Accountants: 3 Things to Never Drop From Your Resume by Mark Goldman, CPA

While reviewing resumes of candidates recently and comparing them to the needs of our clients, it occurred to me that while there are many articles pertaining to how short a resume should be (including some I have written), I haven’t noticed any that address items that should be on your resume no matter when they occurred.

The reality is that at least for accounting, there are a few items that employers tend to value no matter how long ago they occurred.  Three of these items are as follows:

  • Public accounting experience.  Regardless of how long ago you worked for a CPA firm, there are some hiring managers that will value that experience many years into the future.  The challenge is that for some people going back that far may cause your resume to be too lengthy, depending on the amount of experience you have.  One solution is to only go as far back in your employment history as would be workable for a 1-2 page resume, and then list a separate section of “Other Relevant Experience”.  This technique keeps your resume to a reasonable length and still allows you to show your public accounting experience even if it was several years prior.
  • Certifications.  Occasionally we will come across an applicant that achieved a certification (CPA, CMA, etc) and let it lapse because they felt it wasn’t important to their career at the time.  It is still valuable to list having possessed the certification on your resume for the time period that it was active, even if it isn’t current at the moment.  You have to be careful and not mislead anyone into believing you still have the certification or that it is still current; however, you can list it as inactive or list it along with the years that you held the certification.  For example:  “CPA certified 1995-2005″.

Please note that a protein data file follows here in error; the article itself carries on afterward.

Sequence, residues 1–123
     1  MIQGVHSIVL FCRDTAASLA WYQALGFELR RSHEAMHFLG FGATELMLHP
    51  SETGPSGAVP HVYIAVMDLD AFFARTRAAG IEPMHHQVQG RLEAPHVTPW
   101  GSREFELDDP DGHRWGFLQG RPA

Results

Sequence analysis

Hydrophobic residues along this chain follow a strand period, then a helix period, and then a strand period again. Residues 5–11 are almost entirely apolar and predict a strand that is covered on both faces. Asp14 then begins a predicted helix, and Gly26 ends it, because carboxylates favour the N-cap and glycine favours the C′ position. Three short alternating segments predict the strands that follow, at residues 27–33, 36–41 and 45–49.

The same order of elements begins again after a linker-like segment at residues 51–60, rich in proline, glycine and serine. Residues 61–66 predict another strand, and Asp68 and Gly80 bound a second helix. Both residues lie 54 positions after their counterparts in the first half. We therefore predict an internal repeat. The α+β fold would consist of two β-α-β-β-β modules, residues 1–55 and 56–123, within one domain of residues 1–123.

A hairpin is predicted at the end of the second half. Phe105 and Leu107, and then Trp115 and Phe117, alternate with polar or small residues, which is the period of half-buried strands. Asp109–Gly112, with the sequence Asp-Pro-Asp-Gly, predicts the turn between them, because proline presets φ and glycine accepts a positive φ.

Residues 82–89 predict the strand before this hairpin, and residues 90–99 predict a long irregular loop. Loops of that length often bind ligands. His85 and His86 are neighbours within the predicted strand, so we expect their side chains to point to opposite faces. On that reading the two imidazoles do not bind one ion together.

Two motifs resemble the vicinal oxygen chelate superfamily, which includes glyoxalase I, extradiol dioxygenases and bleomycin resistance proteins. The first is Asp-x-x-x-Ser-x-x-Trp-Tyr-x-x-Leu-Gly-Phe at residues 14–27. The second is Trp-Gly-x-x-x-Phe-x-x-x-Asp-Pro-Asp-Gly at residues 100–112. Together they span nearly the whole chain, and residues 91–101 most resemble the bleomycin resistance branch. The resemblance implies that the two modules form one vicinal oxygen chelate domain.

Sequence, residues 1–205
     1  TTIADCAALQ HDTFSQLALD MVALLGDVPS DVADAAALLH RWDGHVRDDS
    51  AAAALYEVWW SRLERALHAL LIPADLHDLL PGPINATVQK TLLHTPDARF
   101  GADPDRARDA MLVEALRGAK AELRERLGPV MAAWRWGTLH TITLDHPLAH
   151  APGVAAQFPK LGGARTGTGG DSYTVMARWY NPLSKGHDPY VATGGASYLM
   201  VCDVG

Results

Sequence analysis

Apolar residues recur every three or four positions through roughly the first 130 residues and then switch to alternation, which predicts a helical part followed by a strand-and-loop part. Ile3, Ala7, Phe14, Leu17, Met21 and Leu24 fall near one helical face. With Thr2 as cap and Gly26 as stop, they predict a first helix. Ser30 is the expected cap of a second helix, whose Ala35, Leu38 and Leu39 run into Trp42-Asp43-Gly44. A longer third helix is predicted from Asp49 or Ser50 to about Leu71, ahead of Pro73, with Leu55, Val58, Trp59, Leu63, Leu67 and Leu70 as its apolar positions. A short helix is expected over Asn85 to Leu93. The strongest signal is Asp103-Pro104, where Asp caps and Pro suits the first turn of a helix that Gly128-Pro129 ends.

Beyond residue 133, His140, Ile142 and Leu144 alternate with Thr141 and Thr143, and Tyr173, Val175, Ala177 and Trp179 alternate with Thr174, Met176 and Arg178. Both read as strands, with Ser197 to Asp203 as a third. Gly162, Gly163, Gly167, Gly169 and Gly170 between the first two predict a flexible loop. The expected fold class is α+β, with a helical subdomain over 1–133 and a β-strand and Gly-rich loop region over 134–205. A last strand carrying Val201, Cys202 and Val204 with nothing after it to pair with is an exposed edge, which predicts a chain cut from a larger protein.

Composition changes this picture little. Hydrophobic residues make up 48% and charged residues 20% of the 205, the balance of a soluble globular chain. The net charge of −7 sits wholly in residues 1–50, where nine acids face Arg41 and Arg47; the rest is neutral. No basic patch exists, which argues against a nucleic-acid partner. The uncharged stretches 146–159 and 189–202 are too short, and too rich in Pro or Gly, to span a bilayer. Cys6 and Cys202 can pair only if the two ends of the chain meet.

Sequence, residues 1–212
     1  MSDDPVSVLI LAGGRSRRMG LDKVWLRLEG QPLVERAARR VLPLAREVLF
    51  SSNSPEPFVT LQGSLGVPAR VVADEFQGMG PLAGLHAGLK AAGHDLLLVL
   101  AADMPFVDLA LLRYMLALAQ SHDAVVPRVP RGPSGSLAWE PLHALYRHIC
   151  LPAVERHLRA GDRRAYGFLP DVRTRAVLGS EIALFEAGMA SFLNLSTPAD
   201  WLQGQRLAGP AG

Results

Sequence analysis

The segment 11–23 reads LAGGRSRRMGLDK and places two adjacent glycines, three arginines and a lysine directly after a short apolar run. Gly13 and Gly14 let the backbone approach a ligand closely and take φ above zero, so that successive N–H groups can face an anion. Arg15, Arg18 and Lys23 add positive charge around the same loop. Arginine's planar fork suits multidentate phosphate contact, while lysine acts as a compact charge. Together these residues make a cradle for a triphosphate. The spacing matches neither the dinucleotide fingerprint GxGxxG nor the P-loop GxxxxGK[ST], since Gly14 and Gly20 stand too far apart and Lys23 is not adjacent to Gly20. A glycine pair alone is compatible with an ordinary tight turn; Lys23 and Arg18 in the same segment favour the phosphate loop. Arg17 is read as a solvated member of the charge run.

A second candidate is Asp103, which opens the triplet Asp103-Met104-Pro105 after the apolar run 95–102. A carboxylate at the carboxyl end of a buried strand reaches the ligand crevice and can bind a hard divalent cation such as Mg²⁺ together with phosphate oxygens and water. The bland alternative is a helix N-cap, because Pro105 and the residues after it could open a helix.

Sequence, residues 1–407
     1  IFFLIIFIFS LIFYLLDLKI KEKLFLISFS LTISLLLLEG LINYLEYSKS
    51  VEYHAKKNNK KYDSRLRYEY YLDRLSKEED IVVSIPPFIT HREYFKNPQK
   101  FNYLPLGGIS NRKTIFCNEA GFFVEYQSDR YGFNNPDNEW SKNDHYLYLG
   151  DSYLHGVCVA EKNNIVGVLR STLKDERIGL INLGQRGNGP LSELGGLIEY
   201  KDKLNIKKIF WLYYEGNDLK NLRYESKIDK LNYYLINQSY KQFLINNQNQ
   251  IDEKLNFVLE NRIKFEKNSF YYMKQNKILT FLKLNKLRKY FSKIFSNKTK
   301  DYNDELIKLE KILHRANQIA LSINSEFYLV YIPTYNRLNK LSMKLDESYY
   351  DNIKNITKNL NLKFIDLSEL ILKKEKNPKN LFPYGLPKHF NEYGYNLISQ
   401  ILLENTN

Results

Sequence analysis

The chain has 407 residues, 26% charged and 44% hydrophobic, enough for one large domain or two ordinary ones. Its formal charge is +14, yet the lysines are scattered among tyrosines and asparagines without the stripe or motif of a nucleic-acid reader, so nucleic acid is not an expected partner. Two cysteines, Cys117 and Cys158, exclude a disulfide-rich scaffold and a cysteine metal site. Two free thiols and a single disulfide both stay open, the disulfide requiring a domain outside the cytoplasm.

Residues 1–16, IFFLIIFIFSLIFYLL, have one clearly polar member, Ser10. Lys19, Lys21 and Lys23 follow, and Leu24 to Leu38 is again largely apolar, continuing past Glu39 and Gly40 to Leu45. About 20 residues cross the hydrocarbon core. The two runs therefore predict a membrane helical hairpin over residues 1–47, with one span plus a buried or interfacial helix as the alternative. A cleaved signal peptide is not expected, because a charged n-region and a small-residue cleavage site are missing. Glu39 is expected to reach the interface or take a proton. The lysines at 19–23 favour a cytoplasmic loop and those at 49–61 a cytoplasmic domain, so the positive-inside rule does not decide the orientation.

• Military experience.  This is also an item that you should consider leaving on your resume regardless of how long ago it was.  Showing that you have served your country in the military, along with the discipline and people skills that you obtain while performing such service, is generally well-respected and valued by employers.  If the experience is too far back in your work history to make it practical to list on your resume, consider using the “Other Relevant Experience” section that is described above as a way of fitting it in to your resume without extending it past 2 pages.

Consider using these tips the next time you revise or update your resume for a job search.  While keeping your resume to 2 pages or less is a must, there are a few things you can do to fit in critical experience while still following that general rule.

As always, I wish you the best in your search.

Mark Goldman CPA

Mark sketch blue background (3)

Mark Goldman is the founder of MGR Accounting Recruiters, a San Antonio based recruiting company whose primary business is the placement of accounting professionals in both permanent and contract positions.

Mark graduated from St. Mary’s University in 1992 with a Bachelors Degree in Accounting. After working for a few years in public accounting, he entered the recruiting industry. In late 2006 he started MGR Accounting Recruiters, which was recognized by the San Antonio Business Journal as one of the fastest growing companies in 2010 and 2011. He currently serves on the board for the San Antonio Chapter of TSCPA as President-Elect. Mark received awards for outstanding work as a volunteer with SACPA for the 2009-2010, 2011-2012, and 2013-2014 chapter years. In addition to his work with the SACPA Chapter, Mark is also involved with Financial Executives International and volunteers with the career transition ministry at his church.

On a personal note, Mark is married to his high school sweetheart, Sayuki Goldman, who owns and manages the business with him. They have a beautiful 9-year-old daughter that is growing up too fast.

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One Comment on “Accountants: 3 Things to Never Drop From Your Resume by Mark Goldman, CPA”

  1. Thanks for this! I find myself hesitant to include all of my experience on my resumes. It makes me feel like I’ll overwhelm my prospective employer, or I’ll give the impression that I’m overqualified. But it’s nice to know I can compartmentalize it with a different section: “Other Relevant Experience.” It will go a long way in my resume.


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